Employee exposure to unguarded or inadequately guarded machines
is prevalent in many workplaces. Consequently, workers who operate and maintain
machinery suffer approximately 18,000 amputations, lacerations, crushing
injuries, abrasions, and over 800 deaths per year.
Amputation is one of the most severe and crippling types of injuries in the
occupational workplace, and often results in permanent disability. This *eTool
focuses on recognizing and controlling common amputation hazards associated with
the operation and use of certain types of machines.
Workers have the right to:
- Working conditions that do not pose a risk of serious harm.
- Receive information and training (in a language and vocabulary the worker understands) about workplace hazards, methods to prevent them, and the OSHA standards that apply to their workplace.
- Review records of work-related injuries and illnesses.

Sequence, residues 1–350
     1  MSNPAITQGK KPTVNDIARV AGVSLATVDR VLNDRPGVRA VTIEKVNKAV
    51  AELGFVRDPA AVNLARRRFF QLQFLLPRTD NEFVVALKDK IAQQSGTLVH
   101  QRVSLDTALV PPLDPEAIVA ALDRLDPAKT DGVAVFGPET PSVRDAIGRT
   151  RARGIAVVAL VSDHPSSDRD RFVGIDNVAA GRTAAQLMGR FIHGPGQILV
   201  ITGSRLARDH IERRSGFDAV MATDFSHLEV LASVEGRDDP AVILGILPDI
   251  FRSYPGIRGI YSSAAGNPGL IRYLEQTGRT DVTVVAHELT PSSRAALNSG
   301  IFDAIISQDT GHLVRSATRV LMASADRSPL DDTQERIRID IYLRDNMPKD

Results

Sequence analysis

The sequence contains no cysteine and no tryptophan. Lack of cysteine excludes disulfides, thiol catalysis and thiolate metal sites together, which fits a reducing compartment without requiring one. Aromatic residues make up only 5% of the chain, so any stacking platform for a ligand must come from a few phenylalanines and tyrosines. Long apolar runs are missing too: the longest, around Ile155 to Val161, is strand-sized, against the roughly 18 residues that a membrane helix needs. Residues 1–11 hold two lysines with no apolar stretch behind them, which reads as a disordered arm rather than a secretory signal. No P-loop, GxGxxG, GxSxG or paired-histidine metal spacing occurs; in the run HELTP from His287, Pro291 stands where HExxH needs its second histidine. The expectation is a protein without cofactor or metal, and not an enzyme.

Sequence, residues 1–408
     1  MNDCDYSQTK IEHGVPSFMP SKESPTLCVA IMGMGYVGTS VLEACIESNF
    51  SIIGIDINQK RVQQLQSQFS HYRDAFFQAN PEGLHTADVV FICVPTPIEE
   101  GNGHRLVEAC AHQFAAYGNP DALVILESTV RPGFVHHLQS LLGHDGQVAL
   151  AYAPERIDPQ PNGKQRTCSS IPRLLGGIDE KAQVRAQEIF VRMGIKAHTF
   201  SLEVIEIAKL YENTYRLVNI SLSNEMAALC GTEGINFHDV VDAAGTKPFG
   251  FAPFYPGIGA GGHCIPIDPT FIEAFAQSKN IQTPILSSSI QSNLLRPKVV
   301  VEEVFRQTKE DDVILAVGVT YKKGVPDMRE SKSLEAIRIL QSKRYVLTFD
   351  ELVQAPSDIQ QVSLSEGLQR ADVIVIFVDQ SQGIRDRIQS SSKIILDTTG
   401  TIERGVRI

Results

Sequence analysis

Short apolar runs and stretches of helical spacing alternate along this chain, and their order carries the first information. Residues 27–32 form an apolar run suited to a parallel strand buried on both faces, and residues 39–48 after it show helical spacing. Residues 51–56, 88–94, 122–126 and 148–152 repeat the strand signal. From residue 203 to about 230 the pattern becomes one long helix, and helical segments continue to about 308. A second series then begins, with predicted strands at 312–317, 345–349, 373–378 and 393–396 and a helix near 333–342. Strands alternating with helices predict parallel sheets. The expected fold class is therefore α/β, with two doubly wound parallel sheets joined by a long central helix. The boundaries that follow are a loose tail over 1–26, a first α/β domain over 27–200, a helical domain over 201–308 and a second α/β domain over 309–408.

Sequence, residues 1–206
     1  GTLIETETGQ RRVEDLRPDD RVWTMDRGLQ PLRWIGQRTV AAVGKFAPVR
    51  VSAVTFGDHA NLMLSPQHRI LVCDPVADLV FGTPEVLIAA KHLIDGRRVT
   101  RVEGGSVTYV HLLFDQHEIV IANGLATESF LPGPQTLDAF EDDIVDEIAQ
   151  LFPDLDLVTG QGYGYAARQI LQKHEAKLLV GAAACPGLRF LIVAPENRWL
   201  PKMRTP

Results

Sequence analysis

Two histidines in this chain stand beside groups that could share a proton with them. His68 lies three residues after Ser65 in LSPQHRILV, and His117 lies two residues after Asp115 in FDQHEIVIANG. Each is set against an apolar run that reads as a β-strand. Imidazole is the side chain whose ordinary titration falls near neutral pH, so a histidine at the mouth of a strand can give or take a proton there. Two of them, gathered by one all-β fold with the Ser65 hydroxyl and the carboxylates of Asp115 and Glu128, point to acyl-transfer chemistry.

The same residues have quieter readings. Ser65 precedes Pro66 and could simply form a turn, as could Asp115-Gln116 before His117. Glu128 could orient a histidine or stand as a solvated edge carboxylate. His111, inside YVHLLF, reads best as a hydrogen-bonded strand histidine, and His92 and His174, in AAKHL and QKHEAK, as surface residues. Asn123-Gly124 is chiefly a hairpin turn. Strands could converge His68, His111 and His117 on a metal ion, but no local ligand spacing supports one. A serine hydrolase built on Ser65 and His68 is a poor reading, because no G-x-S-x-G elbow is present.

- File a complaint asking OSHA to inspect their workplace if they believe there is a serious hazard or that their employer is not following OSHA's rules. OSHA will keep all identities confidential.
- Exercise their rights under the law without retaliation, including reporting an injury or raising health and safety concerns with their employer or OSHA. If a worker has been retaliated against for using their rights, they must file a complaint with OSHA as soon as possible, but no later than 30 days.
For additional information, see OSHA's Workers page.
How to Contact OSHA
Under the Occupational Safety and Health Act of 1970, employers are responsible for providing safe and healthful workplaces for their employees. OSHA's role is to ensure these conditions for America's working men and women by setting and enforcing standards, and providing training, education and assistance. For more information, visit www.osha.gov or call OSHA at 1-800-321-OSHA (6742), TTY 1-877-889-5627.
*eTools are "stand-alone" Web-based
training tools on occupational safety and health topics. They provide guidance
information for developing a comprehensive safety and health program. Therefore,
they include elements that go beyond specific OSHA mandates, such as
recommendations for good industry practice. As indicated in the
disclaimer, eTools do not create new OSHA requirements.